CITA confident over dolphin survey

CITA is confident the results of the recent survey of its membership on the establishment of captive dolphin parks in the Cayman Islands reflect an accurate assessment of the membership’s point of view as reported by the respondents.

The CITA issued a press release this week in response to recent questions on the methodology of the recently released survey.

According to the press release, for the survey, the following results were obtained using the generally accepted confidence level of 95 per cent.

It says that the percentage of all members voting against the introduction of captive dolphin theme parks in the Cayman Islands is 74 per cent, plus or minus eight per cent.

The percentage of all members voting for the introduction of captive dolphin theme parks in the Cayman Islands is 13 per cent plus or minus six per cent.

‘CITA used an independent survey tool (Zoomerang) to survey its membership on their views regarding the establishment of captive dolphin facilities in the Cayman Islands.

‘One key issue about the survey has been the statistical significance of the information gathered. In other words, how representative of the membership’s perspective is the data that was collected?’

The release points out that it is important to understand a number of terms when looking at statistical significance.

Stats explained

The following information regarding statistical significance comes from the website for Creative Research Systems (http://www.surveysystem.com/sscalc.htm).

‘The confidence interval is the plus-or-minus figure usually reported in newspaper or television opinion poll results. For example, if you use a confidence interval of four and 47 per cent of your sample picks an answer you can be ‘sure’ that if you had asked the question of the entire relevant population between 43 per cent (47-4) and 51 per cent (47+4) would have picked that answer.

‘The confidence level tells you how sure you can be. It is expressed as a percentage and represents how often the true percentage of the population who would pick an answer lies within the confidence interval. The 95 per cent confidence level means you can be 95 per cent certain. Most researchers use the 95 per cent confidence level.

‘When you put the confidence level and the confidence interval together, you can say that you are 95 per cent sure that the true percentage of the population that would have picked that answer is between 43 per cent and 51 per cent.

‘Your accuracy also depends on the percentage of your sample that picks a particular answer. If 99 per cent of your sample said ‘Yes’ and one per cent said ‘No’ the chances of error are remote, irrespective of sample size. However, if the percentages are 51 per cent and 49 per cent the chances of error are much greater.’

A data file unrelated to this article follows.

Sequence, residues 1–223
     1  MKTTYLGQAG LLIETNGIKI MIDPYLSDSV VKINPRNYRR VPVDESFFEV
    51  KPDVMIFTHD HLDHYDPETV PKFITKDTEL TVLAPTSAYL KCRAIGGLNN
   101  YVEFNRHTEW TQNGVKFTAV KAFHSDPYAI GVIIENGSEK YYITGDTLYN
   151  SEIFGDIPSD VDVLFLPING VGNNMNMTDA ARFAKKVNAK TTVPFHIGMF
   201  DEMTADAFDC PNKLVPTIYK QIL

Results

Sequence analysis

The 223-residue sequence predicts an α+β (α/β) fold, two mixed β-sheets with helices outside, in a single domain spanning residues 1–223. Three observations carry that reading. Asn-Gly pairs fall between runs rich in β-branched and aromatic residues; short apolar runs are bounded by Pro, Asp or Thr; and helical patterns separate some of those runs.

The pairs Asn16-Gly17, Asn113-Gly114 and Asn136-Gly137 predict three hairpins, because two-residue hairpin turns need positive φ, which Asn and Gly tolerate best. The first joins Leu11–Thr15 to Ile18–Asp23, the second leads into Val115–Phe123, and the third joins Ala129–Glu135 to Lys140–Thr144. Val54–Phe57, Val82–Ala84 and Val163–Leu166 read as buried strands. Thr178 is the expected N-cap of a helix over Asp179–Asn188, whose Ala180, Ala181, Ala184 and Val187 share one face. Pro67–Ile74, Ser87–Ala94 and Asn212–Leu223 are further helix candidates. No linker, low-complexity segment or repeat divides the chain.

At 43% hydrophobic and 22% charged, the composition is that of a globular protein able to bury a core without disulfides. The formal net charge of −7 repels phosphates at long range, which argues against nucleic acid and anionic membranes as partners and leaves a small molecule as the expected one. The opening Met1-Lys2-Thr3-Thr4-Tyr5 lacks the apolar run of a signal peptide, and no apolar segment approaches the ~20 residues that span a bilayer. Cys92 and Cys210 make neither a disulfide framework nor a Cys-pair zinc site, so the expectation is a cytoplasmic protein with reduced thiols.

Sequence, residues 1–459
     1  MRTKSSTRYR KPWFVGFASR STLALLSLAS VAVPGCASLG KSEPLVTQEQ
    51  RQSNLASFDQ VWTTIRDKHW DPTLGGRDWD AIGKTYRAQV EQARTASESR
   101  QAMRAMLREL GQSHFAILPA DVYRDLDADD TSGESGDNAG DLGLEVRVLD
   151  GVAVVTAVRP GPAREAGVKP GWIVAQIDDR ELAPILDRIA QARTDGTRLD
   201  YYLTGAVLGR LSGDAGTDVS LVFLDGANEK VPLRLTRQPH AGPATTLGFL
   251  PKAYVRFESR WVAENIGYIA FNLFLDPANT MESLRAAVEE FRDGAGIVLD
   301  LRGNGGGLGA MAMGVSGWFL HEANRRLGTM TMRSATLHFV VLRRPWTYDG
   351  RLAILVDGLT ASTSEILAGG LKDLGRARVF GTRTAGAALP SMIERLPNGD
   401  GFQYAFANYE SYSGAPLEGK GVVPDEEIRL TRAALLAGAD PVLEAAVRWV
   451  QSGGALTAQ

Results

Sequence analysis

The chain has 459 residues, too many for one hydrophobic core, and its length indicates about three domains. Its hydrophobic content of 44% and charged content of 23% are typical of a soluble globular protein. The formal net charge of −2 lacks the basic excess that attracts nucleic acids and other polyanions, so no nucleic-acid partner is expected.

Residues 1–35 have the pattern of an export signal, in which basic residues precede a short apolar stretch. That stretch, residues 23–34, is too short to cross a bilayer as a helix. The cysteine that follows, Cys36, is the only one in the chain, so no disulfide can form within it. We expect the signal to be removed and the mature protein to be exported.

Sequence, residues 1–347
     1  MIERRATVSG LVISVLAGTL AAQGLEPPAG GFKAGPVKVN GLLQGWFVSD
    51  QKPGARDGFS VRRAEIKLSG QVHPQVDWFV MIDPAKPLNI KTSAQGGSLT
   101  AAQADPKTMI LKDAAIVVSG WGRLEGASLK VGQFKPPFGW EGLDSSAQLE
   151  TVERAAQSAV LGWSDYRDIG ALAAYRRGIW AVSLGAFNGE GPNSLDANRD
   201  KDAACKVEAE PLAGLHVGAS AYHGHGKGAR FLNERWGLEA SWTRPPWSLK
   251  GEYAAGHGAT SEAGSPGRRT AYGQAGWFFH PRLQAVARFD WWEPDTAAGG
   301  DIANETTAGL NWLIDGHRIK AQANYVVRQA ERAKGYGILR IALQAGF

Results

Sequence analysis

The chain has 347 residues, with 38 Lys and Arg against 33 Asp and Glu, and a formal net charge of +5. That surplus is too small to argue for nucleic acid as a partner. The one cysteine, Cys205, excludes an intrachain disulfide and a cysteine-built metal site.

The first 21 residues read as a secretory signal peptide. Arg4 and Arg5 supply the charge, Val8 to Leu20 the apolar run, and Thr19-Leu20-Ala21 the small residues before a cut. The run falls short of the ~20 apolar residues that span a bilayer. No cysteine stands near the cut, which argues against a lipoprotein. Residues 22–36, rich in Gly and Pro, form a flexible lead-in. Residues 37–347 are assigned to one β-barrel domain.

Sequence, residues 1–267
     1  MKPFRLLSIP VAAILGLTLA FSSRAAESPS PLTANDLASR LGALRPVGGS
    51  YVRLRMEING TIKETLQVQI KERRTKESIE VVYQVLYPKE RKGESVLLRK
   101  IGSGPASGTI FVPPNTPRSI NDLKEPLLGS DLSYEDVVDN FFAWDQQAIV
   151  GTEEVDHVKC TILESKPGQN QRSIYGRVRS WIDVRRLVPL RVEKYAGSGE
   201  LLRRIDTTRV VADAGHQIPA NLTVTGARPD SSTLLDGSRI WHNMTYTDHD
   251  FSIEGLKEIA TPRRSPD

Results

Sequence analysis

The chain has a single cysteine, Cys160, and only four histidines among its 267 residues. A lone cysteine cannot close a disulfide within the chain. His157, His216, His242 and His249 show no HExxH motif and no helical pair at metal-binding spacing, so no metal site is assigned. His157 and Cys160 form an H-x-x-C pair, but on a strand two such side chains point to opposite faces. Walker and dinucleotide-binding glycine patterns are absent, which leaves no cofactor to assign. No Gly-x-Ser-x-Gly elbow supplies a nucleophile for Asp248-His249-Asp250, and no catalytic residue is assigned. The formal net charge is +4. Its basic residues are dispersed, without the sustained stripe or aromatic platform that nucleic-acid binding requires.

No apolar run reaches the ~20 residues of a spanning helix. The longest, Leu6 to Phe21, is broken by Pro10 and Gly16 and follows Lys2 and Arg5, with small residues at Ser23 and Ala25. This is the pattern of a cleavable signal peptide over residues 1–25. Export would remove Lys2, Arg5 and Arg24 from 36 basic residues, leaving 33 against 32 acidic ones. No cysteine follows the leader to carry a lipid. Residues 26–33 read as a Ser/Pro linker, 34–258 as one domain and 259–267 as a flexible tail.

The release also notes that the larger your sample, the more sure you can be that their answers truly reflect the population. This indicates that for a given confidence level, the larger your sample size, the smaller your confidence interval. However, the relationship is not linear (i.e., doubling the sample size does not halve the confidence interval).

Sample size

The CITA survey had a sample size of 61, of which 74 per cent voted against the introduction of captive dolphin theme parks in the Cayman Islands.

This yielded a confidence interval of 8 per cent at a 95 per cent confidence level. Thus, when you put the confidence level and the confidence interval together, CITA can say that they are 95 per cent sure that the true percentage of the membership that would have voted against the introduction of captive dolphin theme parks in the Cayman Islands is between 66 per cent and 82 per cent. Only 13 per cent were in favour of the parks, yielding a confidence interval of six per cent at a 95 per cent confidence level.

‘Thus, CITA can say that they are 95 per cent sure that the true percentage of the membership that would vote for the introduction of captive dolphin theme parks in the Cayman Islands is between seven per cent and 19 per cent.’

Therefore, the press release concludes, CITA is confident that the results reflect an accurate assessment of the membership’s point of view as reported by the respondents.

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